Hockey Shoe Designs... are they good enough?

Discussion in 'General Hockey Chit-Chat' started by TheHockeyFamily, May 5, 2017.

  1. TheHockeyFamily

    TheHockeyFamily FHF Newbie

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    Hi All,

    We have been pondering over this for a long time and wanted your views on the subject.

    We am not sure you would agree but we find that some new hockey shoes that are out there are more of a fashion statement rather than having adequate protection... Hockey shoes have come a long way but do you think they provide good protection? If not what needs to be changed. Don't get us wrong we think they have better protection than football astros, which some people still used on a hockey pitch... ouch!! If you think they are good then do let us know your favourites and why!

    Your thoughts we would really be appreciated.

    Team THF
     
    AbuSaahilHockey likes this.
  2. dhiggins

    dhiggins FHF Legend

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    I'm not so sure, a lot of people who I know (including myself) choose not to wear hockey shoes - Adidas trail runners are the shoe of choice due to their grip and very light build, and personally, getting injured is a risk I'm willing to take, and this is clearly true of others who I play with. I probably won't go back to wearing protective hockey shoes until they are less like bricks, and lighter like the shoes I use now. I guess what I'm saying is that I don't think shoes need to have more protection, they just need the protection they do have to be far less clunky.
     
  3. TheHockeyFamily

    TheHockeyFamily FHF Newbie

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    So you would like them to be lighter... do you not think that some of them are light at the moment... the new Adidas and JDH, Kookaburra ones look like they could be light, much like the trail ones you might be using but again don't look as though they have much adequate. We also find that the stiffness in the bottom/grip/sole area sometimes restricts movement.
     
  4. FastForward24

    FastForward24 FHF Legend

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    The whole protection argument is flawed - if you get hit on the foot with a hockey ball its likely that it going to hurt, regardless of the footwear you wear.

    If you're lucky, the ball hits you in a less painful area of the foot; but taking one square on the toes (or top of the foot), you're going to feel it!

    my preference in a hockey shoe goes in this order

    Grip (on all surfaces)
    Weight (lighter the better)
    Support (only if this does not affect the weight too much)
    Protection (not really a consideration)

    Design and durability are a factor for most too.
     
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  5. HWNews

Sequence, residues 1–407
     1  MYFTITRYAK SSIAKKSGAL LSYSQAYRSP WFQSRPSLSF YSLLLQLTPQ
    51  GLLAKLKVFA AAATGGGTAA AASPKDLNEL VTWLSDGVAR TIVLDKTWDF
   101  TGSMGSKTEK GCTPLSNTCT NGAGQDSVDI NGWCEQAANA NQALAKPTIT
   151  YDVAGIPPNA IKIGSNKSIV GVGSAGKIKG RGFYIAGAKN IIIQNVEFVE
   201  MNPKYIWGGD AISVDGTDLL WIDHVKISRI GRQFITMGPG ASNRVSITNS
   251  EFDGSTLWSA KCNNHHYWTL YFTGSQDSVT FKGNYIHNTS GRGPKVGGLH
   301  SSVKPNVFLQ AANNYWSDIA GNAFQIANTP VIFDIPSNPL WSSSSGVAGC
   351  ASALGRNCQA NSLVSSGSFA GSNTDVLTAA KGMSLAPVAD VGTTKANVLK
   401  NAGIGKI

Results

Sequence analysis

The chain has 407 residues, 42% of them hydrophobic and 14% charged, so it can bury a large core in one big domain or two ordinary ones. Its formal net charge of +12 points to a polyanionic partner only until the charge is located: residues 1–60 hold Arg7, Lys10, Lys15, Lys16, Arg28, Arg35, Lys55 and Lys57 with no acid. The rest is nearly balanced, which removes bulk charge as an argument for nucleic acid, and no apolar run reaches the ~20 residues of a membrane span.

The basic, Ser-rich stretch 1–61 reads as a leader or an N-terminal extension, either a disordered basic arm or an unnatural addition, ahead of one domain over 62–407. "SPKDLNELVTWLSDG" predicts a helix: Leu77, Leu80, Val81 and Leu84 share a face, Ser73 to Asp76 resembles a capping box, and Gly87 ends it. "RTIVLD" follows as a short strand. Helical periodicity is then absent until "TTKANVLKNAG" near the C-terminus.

HWNews FHF Newbie

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    As mentioned in the response above, we are seeing more and more players wearing the Salomon Trail Runner shoes. The are both lightweight and comfortable whilst offering high grip on all surfaces, with the added bonus of looking good.
     
  6. Stikklebrik

    Stikklebrik FHF Starter

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    I would agree with HWN as well. We see more and more players in our area (West) playing in Salomon Speedcross shoes all the time. I have for years in fact as they're light and superb grip. Pretty much no protection but then again I don't try to get hit to test it out.....
     
  7. Jake Harvey

    Jake Harvey FHF Star Player

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    I currently own adipowers, have had Asics shoes, and a pair of trail runners (Which I thought were not very good at all) and the adipowers are my favourite that I've ever had. In terms of protection, the main thing I find is that my toes are well protected, and they also provide very good ankle support. Just my opinion. Oh and I think they look awesome.
     
  8. sammzib

    sammzib FHF Star Player

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    Most important thing is always grip, getting hit on the foot hurts, but (touch wood) I've never been injured from it! I used adistars for a season, adipowers for two and now use the Adidas lux, but have seen an increased use of Salomon shoes in the last season
     
  9. dave454

    dave454 FHF Legend

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    I always like to find a good middle ground. I prefer my feet to feel like they have at least some protection, as long it's not at the cost of too much weight. I never got on with Asics Typhoon's for that reason- they felt too heavy and clunky.

    On the other hand, I've always found trail shoes to be lacking in both protection and support. I used to have a pair of Adidas TR7s, but stopped using them after a few months. A lot of the shoe is made out of thin mesh/fabric, so any hit to the foot hurt like hell. They also had very little ankle support, something I really noticed when making quick changes in direction.

    I'm currently using Adidas Lux's, and they're by far and a way the best shoes I've ever had. Light, supportive, extremely comfortable and with a decent degree of protection.
     

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